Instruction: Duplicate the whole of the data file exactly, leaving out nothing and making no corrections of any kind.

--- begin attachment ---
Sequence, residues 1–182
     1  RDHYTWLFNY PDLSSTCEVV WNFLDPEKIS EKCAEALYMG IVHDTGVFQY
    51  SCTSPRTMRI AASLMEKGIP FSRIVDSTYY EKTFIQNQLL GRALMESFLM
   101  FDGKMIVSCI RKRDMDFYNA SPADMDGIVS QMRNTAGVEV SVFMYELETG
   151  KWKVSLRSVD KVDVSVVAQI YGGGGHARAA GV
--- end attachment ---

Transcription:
Sequence, residues 1–182
     1  RDHYTWLFNY PDLSSTCEVV WNFLDPEKIS EKCAEALYMG IVHDTGVFQY
    51  SCTSPRTMRI AASLMEKGIP FSRIVDSTYY EKTFIQNQLL GRALMESFLM
   101  FDGKMIVSCI RKRDMDFYNA SPADMDGIVS QMRNTAGVEV SVFMYELETG
   151  KWKVSLRSVD KVDVSVVAQI YGGGGHARAA GV